If You Love Chocolate, You May Want to Start Stocking Up


The news: Stock up on your chocolate now, because your favorites candies are about to get a lot more expensive.

The price of a chocolate bar is set to jump about 8% because of the rising cost of ingredients and an increase in global demand. But you won't feel the pain until next year, because Hershey Co. and Mars Inc., America's top chocolate companies, have already negotiated its prices with stores for the holiday season.

What's to blame? Besides your insatiable hunger for Kit Kats, the Associated Press lays out a few reasons.

First, the world's growing an increasingly large sweet tooth that's hard to satisfy. Although North America and Western Europe still account for more than half of global chocolate sales, demand is growing in regions where chocolate is increasingly becoming less of a novelty, like Asia and Latin America.

Bloomberg News recently reported that "surging consumption of chocolate in Asia" has caused the cost of the cocoa bean to shoot to its highest level in more than three years. Demand is only expected to keep growing, because the "market [in Asia] will grow at almost twice the global rate over the next four years."

The Associated Press shines further light onto the staggering amount of demand:

Chocolate sales in Asia are forecast to grow by 23 percent over the next five years and by almost 31 percent in Latin America, according to London-based research firm Euromonitor International. That compares with growth of 8.3 percent in North America and 4.7 percent in Western Europe over the same period.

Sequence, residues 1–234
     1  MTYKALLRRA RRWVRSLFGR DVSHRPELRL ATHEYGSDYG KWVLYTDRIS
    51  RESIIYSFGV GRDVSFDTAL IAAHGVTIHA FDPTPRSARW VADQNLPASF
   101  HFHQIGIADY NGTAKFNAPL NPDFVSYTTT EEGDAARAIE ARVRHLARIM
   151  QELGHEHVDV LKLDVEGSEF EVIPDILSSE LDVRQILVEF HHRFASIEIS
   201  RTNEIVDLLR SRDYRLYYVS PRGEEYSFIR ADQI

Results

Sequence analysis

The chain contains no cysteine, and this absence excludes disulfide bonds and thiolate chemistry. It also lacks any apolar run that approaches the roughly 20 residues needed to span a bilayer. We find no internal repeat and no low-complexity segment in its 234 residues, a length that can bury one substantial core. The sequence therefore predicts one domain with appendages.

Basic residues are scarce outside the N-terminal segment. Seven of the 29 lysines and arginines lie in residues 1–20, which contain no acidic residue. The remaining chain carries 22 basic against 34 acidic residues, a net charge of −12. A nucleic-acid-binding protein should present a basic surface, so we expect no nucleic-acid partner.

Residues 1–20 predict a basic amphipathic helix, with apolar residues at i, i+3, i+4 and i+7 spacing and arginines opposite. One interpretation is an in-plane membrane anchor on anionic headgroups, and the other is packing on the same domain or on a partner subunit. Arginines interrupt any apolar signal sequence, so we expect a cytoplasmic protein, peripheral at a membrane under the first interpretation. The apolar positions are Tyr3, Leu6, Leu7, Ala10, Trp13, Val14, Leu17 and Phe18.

In turn, the cost of cocoa beans rose to $3,371 a ton in September, but it has since slightly pulled back to $2,991 a metric ton as of Thursday. However, that's still roughly 23% higher than it was in 2012.

Second, there are supply problems. The world's biggest cocoa-producing farms are in West Africa, and nearly 90% of the world's cocoa comes from small, family-run operations that can't keep up with demand and lack of technological advances. The World Cocoa Federation, which is partially backed by Hershey and Mars, is increasing outreach to the farms to help them better manage water and soil to improve crop yields. 

It's interesting to note that nearly 40% of world's cocoa comes from the Ivory Coast, which borders Guinea and Liberia — two countries hardest hit by the Ebola outbreak. The country, however, has yet to record a single case of the virus, and fears of an outbreak hitting the fields haven't materialized. 

Still, it's not all bad. The going price for a 6-pack of Hershey's individually wrapped chocolate bars checks in at $4.27 at Walmart.com. If the 8% is added in, which is how much Hershey predicts the increase will be, it's now $4.68 — a notable increase, but not unaffordable.

Remember, you were warned.